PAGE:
DescriptionBetween 1999 and 2009, a number of UK universities taught Bachelor of Science (BSc) degrees in homeopathy, in response to the growing popularity of complementary and alternative medicine (CAM) and concerns about standards of training for non-medically qualified practitioners. However, a number of prominent scientists launched a vigorous campaign in the media against the degrees, resulting in their closure. This paper presents a thematic analysis of the boundary work carried out by campaigners, from 65 articles published in UK print media between 1998 and 2015. The data show that a number of rhetorical strategies were used to denigrate homeopathy degrees and designate them as non-science, such as associating them with profit, religion and magic. In contrast to previous debates about CAM, one important strategy in the boundary work was a focus on the scientific implausibility of the extreme dilutions used to make homeopathic medicines. This spotlight on scientific legitimacy proved to be a decisive strategy in rendering homeopathy as non-science and therefore not eligible for inclusion in BSc programmes. The subsequent expulsion of homeopathy from the academy has had profound implications for the position of CAM in British society, as both accreditation of CAM therapies and statutory regulation are now bound not only to clinical legitimacy but also to scientific credibility. This case demonstrates that boundary work can be carried out not only to protect science from outside influence, but it may also be used to intercede in the affairs of other allied professions, in this case medicine.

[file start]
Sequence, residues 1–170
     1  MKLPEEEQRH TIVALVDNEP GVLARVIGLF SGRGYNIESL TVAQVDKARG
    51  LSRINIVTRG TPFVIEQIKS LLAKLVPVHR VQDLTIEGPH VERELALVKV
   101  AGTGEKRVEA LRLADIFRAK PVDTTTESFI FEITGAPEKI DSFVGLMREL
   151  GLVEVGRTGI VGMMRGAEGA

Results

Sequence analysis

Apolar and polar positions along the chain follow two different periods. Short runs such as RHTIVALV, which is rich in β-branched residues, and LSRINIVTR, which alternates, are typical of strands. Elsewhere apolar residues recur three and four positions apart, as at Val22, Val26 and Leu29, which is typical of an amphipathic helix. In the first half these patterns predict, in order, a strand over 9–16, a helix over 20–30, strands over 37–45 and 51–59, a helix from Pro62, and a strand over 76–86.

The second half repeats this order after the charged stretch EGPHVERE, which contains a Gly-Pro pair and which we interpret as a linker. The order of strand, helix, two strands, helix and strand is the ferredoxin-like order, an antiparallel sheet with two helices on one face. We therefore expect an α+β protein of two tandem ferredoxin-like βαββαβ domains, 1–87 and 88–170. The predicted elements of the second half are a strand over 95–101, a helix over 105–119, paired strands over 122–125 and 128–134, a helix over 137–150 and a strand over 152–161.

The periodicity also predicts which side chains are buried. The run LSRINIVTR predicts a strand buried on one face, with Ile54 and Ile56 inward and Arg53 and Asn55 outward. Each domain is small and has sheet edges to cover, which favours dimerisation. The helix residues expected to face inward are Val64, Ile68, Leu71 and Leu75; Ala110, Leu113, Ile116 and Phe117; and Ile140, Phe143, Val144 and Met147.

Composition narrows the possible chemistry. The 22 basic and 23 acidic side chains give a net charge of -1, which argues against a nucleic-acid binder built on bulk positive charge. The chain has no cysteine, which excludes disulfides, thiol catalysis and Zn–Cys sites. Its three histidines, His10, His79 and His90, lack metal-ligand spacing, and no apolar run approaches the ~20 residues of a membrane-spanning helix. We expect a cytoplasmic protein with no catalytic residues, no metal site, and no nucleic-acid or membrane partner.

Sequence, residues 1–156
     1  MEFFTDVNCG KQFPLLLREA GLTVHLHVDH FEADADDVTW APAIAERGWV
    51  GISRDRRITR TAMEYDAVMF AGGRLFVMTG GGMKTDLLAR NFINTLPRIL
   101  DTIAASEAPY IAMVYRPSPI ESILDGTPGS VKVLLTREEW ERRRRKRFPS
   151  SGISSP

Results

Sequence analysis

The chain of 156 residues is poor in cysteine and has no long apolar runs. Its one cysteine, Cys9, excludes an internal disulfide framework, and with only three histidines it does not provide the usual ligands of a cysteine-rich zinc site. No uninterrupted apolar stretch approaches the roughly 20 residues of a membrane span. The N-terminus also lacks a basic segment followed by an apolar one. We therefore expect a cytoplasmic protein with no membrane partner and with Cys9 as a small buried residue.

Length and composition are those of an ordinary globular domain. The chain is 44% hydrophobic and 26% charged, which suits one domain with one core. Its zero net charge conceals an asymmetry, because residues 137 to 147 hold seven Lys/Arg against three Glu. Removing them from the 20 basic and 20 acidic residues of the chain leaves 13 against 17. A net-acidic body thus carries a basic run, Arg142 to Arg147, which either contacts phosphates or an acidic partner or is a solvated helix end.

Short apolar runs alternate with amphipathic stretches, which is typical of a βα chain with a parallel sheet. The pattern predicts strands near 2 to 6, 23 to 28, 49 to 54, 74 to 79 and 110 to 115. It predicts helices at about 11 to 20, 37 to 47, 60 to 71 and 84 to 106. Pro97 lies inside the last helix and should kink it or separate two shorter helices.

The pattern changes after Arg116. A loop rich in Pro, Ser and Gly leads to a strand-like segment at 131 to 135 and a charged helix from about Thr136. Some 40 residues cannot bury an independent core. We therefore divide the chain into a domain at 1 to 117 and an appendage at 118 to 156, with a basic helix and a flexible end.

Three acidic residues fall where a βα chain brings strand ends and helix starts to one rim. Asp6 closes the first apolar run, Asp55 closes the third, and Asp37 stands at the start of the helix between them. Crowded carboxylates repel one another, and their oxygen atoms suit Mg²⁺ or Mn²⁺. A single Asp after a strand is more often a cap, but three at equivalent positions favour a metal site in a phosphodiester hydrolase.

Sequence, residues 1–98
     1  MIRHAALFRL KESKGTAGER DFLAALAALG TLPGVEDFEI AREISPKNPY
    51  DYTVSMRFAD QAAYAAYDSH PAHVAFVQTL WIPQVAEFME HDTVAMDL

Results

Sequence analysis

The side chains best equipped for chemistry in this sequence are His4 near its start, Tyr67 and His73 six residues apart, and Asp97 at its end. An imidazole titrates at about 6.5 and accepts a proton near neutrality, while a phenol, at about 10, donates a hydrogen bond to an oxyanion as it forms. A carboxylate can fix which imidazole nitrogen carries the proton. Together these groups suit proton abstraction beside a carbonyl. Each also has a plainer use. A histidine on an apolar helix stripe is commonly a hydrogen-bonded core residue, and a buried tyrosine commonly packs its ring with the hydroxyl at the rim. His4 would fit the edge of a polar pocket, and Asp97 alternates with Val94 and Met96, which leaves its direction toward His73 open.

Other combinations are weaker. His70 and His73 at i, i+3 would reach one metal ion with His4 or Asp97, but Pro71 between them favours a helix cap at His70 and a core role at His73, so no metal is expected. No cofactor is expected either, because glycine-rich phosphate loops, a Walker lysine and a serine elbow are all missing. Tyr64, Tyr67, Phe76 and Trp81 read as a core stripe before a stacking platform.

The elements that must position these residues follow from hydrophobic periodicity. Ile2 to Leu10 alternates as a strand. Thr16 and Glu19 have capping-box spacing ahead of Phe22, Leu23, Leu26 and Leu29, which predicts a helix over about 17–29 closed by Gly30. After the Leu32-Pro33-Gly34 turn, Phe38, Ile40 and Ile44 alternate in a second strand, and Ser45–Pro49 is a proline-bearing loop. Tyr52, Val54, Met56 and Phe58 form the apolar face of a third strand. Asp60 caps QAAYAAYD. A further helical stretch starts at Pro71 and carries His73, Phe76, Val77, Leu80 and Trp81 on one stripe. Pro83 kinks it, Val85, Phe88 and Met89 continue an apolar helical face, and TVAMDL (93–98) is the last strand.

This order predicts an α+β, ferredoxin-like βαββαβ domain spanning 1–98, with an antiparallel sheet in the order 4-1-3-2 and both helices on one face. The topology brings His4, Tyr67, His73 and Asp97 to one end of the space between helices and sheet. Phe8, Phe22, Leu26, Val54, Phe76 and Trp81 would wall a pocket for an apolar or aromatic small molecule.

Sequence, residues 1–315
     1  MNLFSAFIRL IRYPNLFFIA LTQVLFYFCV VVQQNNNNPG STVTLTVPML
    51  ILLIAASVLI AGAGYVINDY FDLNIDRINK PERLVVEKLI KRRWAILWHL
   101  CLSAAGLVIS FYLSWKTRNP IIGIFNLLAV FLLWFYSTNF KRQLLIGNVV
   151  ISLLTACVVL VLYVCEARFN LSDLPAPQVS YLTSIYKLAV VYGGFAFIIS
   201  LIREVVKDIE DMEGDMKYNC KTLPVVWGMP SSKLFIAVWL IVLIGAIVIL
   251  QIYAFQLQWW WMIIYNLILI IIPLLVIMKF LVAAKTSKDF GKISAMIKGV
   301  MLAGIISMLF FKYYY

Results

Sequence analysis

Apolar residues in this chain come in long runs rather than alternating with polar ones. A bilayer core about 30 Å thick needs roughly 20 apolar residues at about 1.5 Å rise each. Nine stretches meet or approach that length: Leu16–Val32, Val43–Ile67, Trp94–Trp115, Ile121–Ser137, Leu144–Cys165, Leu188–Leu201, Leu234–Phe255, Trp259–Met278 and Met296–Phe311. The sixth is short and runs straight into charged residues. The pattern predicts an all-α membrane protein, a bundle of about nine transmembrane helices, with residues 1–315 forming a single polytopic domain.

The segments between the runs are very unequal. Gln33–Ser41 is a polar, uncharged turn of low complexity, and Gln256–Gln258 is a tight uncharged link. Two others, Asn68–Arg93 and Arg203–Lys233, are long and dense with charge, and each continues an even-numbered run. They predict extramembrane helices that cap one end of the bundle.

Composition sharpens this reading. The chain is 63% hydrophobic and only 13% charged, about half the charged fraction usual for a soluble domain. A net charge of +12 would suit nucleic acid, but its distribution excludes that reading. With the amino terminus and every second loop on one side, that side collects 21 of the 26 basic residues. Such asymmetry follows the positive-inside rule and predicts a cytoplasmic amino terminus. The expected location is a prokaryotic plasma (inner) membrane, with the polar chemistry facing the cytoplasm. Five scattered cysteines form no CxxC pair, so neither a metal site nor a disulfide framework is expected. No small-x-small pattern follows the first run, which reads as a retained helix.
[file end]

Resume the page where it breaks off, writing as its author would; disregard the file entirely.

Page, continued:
|Period||2 Sep 2017|
|Event title||Annual Meeting of the Society for Social Studies of Science: STS (In)Sensibilities|
|Location||Boston, United States, Massachusetts|
|Degree of Recognition||International|